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Student Technology Standards Process

IT Standards

Published March 4, 2013

By Rick Lesniak, lesniak@buffalo.edu

Does a student need a new laptop when he or she first comes to UB? This is a question often asked by new students and their parents. Having clear recommendations ensures that students are suitably prepared for their academic work from their first day onward. The Hardware/Software Standards Committee, currently chaired by Peter Rittner, Assistant Dean for Educational Technology, College of Arts and Sciences, determines the answer for the incoming class of students each year.

The committee is composed of Information Technology professionals who represent the technology needs of their individual college or schools. Rittner convenes the committee each fall to determine the technology that new students needs to function adequately at UB in terms of their ability to load software, view academic materials and communicate with instructors and other students.

First, the committee considers software requirements for new students by comparing the previous year’s recommendations with software version information, usage data, and license restrictions. The updated recommendation of titles translate into standards that determine the software load in public labs, virtual computing environments, and available for student download and installation on their personally owned devices. The committee works to retire software titles from the standard as well to remove unsupported and little used software from costly support and to encourage people to upgrade to current packages that offer up-to-date features, better security, and more.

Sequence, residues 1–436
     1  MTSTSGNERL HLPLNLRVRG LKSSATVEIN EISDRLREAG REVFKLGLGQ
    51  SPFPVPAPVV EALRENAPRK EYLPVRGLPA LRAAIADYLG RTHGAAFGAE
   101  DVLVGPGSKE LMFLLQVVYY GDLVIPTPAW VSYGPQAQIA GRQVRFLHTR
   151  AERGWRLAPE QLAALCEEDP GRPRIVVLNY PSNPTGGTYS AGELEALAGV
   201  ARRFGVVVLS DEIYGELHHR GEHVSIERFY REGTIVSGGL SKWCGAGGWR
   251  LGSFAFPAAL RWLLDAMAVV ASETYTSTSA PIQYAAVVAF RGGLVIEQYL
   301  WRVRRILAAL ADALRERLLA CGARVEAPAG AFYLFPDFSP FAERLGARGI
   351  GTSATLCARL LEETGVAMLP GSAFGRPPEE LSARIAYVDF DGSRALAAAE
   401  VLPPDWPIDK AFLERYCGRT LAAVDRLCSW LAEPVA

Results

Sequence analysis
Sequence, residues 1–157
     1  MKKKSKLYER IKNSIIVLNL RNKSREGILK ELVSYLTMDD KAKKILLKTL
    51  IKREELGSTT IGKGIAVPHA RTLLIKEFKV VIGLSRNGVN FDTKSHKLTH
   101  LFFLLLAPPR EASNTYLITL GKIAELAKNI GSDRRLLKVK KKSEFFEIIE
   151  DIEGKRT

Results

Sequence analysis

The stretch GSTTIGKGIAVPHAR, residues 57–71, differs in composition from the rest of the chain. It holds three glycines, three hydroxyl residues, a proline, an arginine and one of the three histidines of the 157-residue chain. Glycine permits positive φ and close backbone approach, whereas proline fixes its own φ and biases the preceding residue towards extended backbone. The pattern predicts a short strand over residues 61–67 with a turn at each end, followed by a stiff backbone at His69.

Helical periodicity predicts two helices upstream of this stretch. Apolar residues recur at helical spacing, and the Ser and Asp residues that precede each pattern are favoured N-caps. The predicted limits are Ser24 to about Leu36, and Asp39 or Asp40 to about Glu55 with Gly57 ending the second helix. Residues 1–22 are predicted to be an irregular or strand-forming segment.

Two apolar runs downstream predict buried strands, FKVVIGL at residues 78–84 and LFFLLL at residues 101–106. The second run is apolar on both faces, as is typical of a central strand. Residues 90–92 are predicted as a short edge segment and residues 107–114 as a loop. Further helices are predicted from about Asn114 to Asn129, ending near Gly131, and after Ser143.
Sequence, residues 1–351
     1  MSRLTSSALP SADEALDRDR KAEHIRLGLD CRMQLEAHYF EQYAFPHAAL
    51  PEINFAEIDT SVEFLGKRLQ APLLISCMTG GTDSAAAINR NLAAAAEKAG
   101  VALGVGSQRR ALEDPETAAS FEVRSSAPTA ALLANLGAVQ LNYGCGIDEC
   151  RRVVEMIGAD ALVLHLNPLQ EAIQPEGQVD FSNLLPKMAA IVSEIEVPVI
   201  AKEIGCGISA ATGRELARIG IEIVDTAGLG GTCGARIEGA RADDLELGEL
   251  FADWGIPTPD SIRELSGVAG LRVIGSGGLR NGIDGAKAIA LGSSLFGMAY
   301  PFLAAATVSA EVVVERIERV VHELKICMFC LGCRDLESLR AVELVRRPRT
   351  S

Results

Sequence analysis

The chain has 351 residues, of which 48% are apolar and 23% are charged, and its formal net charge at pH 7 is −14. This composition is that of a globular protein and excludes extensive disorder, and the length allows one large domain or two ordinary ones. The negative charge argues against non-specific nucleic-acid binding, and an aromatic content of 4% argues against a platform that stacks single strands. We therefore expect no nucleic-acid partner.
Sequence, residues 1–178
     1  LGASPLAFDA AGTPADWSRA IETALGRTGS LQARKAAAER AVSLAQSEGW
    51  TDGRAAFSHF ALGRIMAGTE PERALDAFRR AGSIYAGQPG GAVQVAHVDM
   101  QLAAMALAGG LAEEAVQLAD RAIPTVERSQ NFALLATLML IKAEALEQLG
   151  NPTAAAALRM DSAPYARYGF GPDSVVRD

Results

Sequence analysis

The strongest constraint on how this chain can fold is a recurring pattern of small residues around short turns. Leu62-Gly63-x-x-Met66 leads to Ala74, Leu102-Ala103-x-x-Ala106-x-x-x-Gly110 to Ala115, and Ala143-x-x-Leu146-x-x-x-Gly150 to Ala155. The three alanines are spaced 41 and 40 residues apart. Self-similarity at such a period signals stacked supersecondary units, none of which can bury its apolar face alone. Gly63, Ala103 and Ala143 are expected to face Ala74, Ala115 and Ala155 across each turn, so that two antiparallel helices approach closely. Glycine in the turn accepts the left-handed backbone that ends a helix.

Next, hardware recommendations are prepared which are affordable and sufficient to support the suggested software. Rittner says it is important for the committee to keep student hardware proposals in synch with the UB 2020 workstations standards that are determined for faculty and staff workstations. It’s important for faculty and staff devices to keep up with students’ personal capabilities as well. “There is a balance to strike between functionality and price when making these recommendations to respect the financial limitations of students,” cautions Rittner.

Peter has chaired the committee for the past seven years, taking on a leadership role that transitioned from the UB 2020 IT Transformation Workstations Standardization team.  He reflects that over the years the committee has proven better at providing standards recommendations by staying focused on usage data for software utilization in labs, following UB’s “early follower” position when adopting new technology, and ensuring that configurations reflect what 100% of students will need minimizing frills and costly upgrades.  

Software and hardware standards are published on the UBIT website as soon as the committee completes their recommendations. Updates are published throughout the year as needed.